Do cellphones cause cancer? Most health authorities do not think so, but a new federal study could reignite the controversy over this issue.
The preliminary study, released Friday, found that radiation from cellphones appears to have increased the risks that male rats developed tumors in their brains and hearts. But there are many caveats and some experts are debunking the study.
Who conducted the study? Are they credible?
The study is from the National Toxicology Program, an interagency group in the Department of Health and Human Services whose job it is to assess the possible risks of chemicals.
How was the study done?
Rats lived in special chambers where they were exposed to different levels of radiation of the type emitted by cellphones for nine hours a day, every day. The exposure started before they were born and continued until they were about 2 years old.
What did they find?
About 2 to 3 percent of the male rats exposed to the radiation developed malignant gliomas, a brain cancer, compared with none in a control group that was not exposed to radiation.
About 5 to 7 percent of the male rats exposed to the highest level of radiation developed schwannomas in their hearts, compared with none in the control group. Schwannomas are tumors that occur in cells that line the nerves. The authors concluded the brain and heart tumors were “likely caused’’ by the radiation.
A woman using a cellphone in Manhattan on Friday. A new study could reignite the debate over the devices. Credit Victor J. Blue for The New York Times
What about female rats?
Oddly enough, the incidence of tumors in females was minimal, barely different from the control group. It is not clear why the results would vary between the sexes, which is one reason some experts are questioning the findings.
What are other caveats?
Even for males, the differences between particular groups of rats and the control group were not statistically significant. Another anomaly was that the rats exposed to the radiation lived longer on the whole than animals in the control group. And schwannomas can occur all over the body, not just the heart, but the study did not find increased rates in other organs.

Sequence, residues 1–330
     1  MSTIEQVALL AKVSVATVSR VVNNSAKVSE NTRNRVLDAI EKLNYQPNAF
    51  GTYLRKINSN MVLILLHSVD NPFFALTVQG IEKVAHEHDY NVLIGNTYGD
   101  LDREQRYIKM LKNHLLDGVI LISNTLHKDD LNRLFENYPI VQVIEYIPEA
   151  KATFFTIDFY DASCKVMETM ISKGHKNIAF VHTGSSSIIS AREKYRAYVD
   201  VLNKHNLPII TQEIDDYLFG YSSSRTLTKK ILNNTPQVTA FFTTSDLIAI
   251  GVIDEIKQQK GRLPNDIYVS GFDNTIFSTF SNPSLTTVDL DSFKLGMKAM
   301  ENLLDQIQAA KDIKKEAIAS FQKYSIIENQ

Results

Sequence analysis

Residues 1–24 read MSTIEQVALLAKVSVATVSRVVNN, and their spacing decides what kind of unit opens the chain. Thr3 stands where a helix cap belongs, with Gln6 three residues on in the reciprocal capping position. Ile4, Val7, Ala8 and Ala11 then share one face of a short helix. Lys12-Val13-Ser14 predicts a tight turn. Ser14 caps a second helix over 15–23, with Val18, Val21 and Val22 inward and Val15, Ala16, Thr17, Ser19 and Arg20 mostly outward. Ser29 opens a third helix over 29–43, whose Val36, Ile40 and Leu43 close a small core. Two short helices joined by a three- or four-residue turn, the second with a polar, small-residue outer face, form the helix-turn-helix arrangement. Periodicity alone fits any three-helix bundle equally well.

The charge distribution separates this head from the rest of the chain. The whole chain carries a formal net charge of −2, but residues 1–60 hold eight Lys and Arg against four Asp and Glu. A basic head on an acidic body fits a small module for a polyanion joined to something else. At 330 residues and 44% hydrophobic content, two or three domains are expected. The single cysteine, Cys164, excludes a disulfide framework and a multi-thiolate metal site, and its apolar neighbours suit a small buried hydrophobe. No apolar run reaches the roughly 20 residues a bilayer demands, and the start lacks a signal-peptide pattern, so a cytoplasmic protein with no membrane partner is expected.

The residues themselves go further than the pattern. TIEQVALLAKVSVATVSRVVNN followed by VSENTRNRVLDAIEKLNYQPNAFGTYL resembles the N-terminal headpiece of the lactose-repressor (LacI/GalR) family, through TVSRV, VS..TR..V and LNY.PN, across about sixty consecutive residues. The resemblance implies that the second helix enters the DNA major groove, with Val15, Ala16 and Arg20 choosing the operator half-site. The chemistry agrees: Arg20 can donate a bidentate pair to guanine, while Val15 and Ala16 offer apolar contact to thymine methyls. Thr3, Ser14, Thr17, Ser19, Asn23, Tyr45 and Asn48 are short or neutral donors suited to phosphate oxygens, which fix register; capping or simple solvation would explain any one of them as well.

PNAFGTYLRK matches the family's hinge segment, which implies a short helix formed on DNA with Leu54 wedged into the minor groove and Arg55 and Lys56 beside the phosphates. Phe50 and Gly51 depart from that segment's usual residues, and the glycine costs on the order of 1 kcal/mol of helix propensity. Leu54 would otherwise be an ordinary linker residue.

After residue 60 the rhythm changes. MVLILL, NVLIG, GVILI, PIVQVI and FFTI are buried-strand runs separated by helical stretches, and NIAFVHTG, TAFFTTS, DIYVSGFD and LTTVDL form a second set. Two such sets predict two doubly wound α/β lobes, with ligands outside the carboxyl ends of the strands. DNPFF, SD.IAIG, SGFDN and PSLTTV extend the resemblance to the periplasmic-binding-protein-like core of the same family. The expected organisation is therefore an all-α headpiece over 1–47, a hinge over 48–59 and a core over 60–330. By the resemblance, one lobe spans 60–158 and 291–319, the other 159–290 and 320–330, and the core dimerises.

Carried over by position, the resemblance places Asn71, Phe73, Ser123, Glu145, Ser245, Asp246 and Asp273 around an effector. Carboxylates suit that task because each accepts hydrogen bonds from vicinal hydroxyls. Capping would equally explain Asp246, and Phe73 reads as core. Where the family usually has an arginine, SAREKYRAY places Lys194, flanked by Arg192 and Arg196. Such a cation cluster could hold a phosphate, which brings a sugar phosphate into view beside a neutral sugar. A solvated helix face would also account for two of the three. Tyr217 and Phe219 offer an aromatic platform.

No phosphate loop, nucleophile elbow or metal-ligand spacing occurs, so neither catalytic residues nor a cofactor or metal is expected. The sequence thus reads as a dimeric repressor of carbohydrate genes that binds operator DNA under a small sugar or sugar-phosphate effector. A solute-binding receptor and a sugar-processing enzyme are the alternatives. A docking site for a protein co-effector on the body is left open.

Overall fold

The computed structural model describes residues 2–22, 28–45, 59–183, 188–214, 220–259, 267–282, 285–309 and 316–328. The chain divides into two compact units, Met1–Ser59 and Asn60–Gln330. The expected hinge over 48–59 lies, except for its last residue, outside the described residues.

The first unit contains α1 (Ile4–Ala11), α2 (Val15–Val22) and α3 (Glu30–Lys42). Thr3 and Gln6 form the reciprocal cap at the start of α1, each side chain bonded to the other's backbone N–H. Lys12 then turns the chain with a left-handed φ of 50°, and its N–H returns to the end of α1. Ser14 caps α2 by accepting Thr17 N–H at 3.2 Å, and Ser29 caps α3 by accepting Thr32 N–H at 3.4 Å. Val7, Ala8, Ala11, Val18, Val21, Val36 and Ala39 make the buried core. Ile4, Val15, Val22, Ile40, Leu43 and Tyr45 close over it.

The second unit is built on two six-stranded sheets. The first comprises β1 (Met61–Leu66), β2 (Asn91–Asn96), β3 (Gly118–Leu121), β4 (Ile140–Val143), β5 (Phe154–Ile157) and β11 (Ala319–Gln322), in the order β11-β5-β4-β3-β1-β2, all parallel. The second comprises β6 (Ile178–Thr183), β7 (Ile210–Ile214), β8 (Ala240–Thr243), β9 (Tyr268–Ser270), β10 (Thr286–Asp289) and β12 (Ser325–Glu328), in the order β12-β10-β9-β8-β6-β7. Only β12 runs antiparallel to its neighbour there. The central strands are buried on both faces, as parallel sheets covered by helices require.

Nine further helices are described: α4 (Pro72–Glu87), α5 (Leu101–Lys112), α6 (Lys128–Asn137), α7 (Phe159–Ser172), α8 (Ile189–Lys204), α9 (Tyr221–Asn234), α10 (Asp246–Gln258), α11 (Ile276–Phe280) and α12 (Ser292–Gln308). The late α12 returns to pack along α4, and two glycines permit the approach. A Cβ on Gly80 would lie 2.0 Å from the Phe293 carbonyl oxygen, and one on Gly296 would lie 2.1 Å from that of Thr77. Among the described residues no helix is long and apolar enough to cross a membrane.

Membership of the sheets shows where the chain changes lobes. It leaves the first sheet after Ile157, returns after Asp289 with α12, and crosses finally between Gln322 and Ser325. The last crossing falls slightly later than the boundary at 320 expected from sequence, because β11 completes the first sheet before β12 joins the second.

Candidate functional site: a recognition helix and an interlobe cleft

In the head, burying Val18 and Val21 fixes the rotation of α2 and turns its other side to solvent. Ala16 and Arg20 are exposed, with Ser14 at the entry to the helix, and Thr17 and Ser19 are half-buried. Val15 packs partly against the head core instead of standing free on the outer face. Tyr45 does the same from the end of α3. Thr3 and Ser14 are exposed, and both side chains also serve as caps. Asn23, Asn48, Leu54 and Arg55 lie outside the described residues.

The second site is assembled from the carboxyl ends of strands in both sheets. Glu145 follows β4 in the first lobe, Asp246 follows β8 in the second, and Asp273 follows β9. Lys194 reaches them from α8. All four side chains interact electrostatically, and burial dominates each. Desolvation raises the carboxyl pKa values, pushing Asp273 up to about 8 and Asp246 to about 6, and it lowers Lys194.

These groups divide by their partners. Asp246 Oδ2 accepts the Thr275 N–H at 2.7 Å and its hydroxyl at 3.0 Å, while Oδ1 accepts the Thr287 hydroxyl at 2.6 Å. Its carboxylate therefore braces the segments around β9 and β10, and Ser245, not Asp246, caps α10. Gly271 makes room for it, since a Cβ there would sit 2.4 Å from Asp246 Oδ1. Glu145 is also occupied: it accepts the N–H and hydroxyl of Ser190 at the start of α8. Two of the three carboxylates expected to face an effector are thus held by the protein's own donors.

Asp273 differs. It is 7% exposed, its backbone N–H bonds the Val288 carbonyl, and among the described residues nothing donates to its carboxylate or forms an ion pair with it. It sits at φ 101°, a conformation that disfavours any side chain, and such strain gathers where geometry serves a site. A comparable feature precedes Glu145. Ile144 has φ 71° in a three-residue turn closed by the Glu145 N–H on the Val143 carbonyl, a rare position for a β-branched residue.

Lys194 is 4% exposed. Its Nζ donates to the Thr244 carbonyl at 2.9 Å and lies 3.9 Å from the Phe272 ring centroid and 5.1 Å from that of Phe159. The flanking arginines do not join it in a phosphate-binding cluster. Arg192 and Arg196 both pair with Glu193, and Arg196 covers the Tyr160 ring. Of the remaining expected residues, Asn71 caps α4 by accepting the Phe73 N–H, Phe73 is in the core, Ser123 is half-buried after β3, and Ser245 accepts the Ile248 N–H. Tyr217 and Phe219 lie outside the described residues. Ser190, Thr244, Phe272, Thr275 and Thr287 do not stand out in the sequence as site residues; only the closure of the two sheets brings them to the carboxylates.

Also it was unusual that the control group had zero tumors. In previous studies at the National Toxicology Program, an average of 2 percent of rats in control groups developed gliomas. Had that happened in this study, there would have been virtually no difference between the exposed rats and the controls.
“I am unable to accept the authors’ conclusions,” said one reviewer of the study, Dr. Michael S. Lauer, deputy director for exramural research at the National Institutes of Health. Dr. Lauer, whose comments were in an appendix to the report, said it was likely that the findings represented false positives.
The amounts of radiation that rats were exposed to might be higher than what cellphone users typically experience, though toxicology studies often use higher doses to make sure to detect any effect that might exist.
So we can just dismiss this study and go on using our phones?
Not totally. As the authors of the report write: “Given the extremely large number of people who use wireless communication devices, even a very small increase in the incidence of disease resulting from exposure to the RFR generated by those devices would have broad implications for public health.” RFR refers to radio-frequency radiation.
Dr. Otis Brawley, chief medical officer of the American Cancer Society, issued a statement on Friday that called this study “good science,” and called for further research because the animal research used very high signal strengths.
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But he said, “The NTP report linking radiofrequency radiation (RFR) to two types of cancer marks a paradigm shift in our understanding of radiation and cancer risk.”
Dr. David O. Carpenter, director of the Institute for Health and Environment at the University at Albany, said he thought the study provided backing for the human epidemiological studies that suggested cellphone use was associated with an increased risk of gliomas and acoustic neuromas, a type of schwannoma. “I think this is real,’’ he said, suggesting people used wired earpieces to talk on cellphones.
Source: The New York Times